Non-profit works to renovate shipping containers into housing for Almeda victims

TALENT, Or.- “Remake Talent”, an organization formed just days after the Almeda fire, is working to help people who lost their homes.

The non-profit is looking to low-cost, quickly-built container homes to house displaced people.

Remake Talent is busy considering the long-term issues of fire recovery. One of the first projects the non-profit tackled is turning shipping containers into homes.

“A successful, timely, but also sustainable and equitable recovery,” said Executive Director Tucker Teutsch of the effort. He is no stranger to the work. The Talent native has been renovating shipping containers for about five years.

He completed one container home on his property and plans to move it into Talent soon.

“I thought, well, this is one idea I’ve seen used in disaster recovery zones and in rapidly deployable housing options,” he said.  The goal is to offer the prototype as a  model home for interested people to tour.

The state’s emergency declaration gives the area about a year to land non-traditional housing options. If and when that window closes, will also impact how Remake Talent will initially release the container homes to the public.

“After that year, it might expire or it might be extended so dealing with that uncertainty sort of lends a bit of fuzziness to exactly how we want to do it,” Teutsch said.

Remake Talent is working with property owners and talent’s planning office to find the best locations to place the homes.

Because purchasing a container home outright requires extensive zoning work and additional costs, the organization is exploring another option.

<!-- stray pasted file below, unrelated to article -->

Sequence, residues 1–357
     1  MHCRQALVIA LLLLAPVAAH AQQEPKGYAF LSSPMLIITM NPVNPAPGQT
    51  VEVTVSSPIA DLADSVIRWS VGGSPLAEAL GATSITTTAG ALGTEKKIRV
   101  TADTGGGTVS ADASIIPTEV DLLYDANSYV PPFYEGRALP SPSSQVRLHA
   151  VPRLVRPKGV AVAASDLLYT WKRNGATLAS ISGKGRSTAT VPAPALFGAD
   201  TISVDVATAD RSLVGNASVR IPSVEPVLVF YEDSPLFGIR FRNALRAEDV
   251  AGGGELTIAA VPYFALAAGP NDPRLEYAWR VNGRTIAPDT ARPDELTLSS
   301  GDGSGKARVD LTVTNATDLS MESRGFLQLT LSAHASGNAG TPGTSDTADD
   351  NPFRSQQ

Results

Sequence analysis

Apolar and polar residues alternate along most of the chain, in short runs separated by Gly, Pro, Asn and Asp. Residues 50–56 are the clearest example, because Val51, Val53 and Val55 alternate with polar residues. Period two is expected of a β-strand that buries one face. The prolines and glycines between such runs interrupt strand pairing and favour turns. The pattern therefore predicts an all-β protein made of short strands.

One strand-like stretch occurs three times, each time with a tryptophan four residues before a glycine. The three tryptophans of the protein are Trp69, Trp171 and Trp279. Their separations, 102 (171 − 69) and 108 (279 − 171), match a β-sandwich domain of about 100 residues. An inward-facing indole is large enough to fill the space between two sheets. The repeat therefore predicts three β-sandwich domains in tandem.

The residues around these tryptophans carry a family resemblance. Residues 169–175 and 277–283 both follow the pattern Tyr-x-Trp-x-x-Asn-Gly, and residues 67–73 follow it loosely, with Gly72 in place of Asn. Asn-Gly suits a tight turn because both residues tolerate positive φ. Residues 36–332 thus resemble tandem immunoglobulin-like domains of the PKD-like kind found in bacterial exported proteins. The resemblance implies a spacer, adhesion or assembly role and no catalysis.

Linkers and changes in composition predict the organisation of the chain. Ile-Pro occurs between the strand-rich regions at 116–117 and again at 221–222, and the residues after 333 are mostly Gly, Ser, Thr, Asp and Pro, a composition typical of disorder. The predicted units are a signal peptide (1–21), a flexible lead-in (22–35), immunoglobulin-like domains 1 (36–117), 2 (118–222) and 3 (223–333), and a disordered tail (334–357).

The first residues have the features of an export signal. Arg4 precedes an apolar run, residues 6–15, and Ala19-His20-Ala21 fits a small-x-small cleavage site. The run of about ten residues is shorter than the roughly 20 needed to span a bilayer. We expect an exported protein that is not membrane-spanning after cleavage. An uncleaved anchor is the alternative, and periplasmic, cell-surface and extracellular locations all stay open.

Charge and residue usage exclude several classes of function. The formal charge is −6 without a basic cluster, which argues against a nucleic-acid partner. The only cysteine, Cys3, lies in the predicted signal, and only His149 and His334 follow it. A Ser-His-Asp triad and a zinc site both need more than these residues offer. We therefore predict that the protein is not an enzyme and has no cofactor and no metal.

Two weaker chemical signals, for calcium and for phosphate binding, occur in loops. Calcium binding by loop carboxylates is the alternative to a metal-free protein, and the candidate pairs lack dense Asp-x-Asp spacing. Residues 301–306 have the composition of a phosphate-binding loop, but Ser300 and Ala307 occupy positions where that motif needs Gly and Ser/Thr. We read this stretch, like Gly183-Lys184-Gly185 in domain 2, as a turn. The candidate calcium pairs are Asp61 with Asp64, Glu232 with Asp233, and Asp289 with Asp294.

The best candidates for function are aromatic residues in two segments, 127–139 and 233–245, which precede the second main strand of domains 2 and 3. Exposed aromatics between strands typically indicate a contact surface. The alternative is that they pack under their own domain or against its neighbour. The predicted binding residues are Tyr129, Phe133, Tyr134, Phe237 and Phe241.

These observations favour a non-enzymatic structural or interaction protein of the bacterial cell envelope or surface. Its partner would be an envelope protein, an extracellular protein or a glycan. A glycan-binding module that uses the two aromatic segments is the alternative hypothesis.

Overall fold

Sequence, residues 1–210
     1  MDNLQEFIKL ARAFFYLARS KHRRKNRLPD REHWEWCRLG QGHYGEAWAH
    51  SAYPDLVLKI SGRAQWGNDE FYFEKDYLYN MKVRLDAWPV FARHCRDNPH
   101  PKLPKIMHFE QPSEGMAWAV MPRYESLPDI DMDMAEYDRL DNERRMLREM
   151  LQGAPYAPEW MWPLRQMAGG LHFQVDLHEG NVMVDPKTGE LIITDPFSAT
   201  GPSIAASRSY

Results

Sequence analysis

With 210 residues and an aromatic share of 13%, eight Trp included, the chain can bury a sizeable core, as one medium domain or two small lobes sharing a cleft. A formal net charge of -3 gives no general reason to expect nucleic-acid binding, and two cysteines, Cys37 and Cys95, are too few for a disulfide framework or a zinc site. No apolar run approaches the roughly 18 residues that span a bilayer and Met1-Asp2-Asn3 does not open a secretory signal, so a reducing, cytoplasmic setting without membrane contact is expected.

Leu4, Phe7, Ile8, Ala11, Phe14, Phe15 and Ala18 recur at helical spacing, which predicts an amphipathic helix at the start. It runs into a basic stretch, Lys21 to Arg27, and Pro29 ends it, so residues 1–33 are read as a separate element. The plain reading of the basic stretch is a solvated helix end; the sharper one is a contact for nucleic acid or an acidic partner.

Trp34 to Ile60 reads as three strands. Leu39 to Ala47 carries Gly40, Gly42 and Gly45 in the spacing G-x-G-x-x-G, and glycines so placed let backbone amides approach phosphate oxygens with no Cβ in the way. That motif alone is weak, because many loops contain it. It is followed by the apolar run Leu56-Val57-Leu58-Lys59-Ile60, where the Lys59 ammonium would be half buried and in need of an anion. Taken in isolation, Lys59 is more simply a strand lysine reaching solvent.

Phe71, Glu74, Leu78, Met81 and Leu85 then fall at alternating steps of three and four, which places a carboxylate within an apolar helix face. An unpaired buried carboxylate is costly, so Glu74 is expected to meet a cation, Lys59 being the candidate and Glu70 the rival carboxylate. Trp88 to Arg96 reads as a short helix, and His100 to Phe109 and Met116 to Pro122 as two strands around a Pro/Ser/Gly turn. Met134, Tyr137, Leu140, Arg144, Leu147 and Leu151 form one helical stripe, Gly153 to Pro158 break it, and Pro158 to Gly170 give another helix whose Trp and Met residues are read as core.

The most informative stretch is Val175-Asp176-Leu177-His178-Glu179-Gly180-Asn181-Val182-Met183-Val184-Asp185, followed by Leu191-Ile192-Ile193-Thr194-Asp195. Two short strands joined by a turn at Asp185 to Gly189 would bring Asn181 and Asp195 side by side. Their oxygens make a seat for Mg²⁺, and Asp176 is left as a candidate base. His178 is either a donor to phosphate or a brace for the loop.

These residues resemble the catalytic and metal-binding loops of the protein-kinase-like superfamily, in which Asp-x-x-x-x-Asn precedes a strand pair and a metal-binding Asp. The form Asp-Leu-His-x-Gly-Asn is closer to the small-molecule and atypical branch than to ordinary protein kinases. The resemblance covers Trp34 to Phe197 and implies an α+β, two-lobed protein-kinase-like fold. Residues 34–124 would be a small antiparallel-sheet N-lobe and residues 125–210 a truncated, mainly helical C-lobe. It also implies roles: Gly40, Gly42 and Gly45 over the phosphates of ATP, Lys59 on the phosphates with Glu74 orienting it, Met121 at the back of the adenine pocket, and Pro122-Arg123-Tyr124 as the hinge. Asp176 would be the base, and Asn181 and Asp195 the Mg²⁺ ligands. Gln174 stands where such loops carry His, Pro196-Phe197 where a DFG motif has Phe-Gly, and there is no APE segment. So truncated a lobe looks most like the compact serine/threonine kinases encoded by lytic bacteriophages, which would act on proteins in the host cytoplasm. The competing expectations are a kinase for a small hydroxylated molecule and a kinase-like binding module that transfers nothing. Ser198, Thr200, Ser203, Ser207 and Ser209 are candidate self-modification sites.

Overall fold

“People adopting these sorts of things- container houses, tiny houses, sort of rapid-built construction, code-ready, transitional housing models- on their own land,” Teutsch said.

He says existing property owners could add value to their land while also keeping this temporary housing option affordable.

The insulated container home has a full bathroom, kitchen, two beds, and runs entirely on propane. Teutsch says the construction cost is inexpensive because they are partnering with community organizations willing to do low-cost or free work.

“Metal workers working on the box, you have various contractors working in their own shops to do some of the framing, and then whatever facility becomes the assembly plant essentially, where they bring the parts the community has built, and build a Lego set of a house,” he explained. Teutsch says that once they get the correct funding and partnerships to ramp up production, they could build one new home every week.

Remake Talent is currently raising funds through a GoFundMe* to help cover the costs of moving and setting up  the prototype home in Talent.

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